Self Regulation Interventions

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Teresa Garland is an occupational therapist that has shared her knowledge and experiences with the public in her book Self-Regulation Interventions and Strategies: Keeping the Body, Mind and Emotions on Task in Children with Autism, ADHD or Sensory Disorders. This book is a full of resources for educators and parents of children with self-regulation issues. Published in 2014 this book is an array current information and interventions dealing with sensory/self-regulation issues seen at home and school. As a special educator, I have seen and interacted with students with self-regulation issues. Imagine having a student that on a whim will jump out of their seat and pace in the back of the classroom because the fluorescent lightbulb in the…show more content…
For example, in chapter four, Garland discusses eating, sleeping, and bowel and bladder issues. The chapter starts by explaining typical description of a picky eater, a child with specific preferences with regards to tastes, textures and smells. Then she goes into detail on what may cause the picky eating: oral motor skills, inflexibility, food intolerances and allergies, emotional issues and eating disorders, poor appetite, and behavior related issues. Finally interventions are provided for various situations. One intervention that is provided for a child that has issues eating when hearing unpleasant sounds such as people chewing is wearing earmuffs, playing music quietly, or separate seating far enough away to dampen the unpleasant sounds. Garland would then explain sleeping issues and follow the same structure as eating issues and then follow up with bowel and bladder issues, causes, and…show more content…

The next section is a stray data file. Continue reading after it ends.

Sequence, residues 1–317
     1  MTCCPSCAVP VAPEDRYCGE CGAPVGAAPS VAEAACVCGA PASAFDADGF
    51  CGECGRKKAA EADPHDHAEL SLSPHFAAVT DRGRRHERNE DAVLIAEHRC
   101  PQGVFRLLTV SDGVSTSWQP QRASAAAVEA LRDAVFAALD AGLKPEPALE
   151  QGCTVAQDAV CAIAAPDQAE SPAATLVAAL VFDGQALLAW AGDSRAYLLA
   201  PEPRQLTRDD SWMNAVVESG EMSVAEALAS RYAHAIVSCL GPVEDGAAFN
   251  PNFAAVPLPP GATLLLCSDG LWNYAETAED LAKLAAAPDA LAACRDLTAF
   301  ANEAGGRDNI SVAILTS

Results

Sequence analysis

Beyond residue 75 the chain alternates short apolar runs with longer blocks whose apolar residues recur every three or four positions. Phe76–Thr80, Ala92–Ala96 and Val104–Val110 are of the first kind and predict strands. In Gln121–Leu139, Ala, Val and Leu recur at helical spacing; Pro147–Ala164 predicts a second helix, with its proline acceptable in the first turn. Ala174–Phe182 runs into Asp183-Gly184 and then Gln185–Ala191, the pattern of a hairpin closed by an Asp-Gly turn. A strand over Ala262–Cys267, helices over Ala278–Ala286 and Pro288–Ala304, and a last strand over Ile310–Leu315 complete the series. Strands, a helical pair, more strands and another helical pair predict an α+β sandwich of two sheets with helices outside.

The overall goal of the book is to give guidance and understanding of how to help a student regulate themselves in given situations so they can complete a desired task. Often, students with self-regulation issues appear as students that are not trying hard enough to complete a task or defiant toward a task and are trying to get out of a task (McClelland, "Development and Self-Regulation"). However, the students are more likely trying to regulate themselves through actions that are not appropriate to the external situation. I have experienced students with self-regulation issues. The student would yell and run during transition times. After several observations and student/teacher/parent interviews I discovered the desk chairs being moved around sent the student over the edge. The floor in the classroom was new and the sound was intolerable for the student. When ended up putting tennis balls on the chairs and the behaviors vanished. Once I was able to identify the need of the student the undesired behavior was

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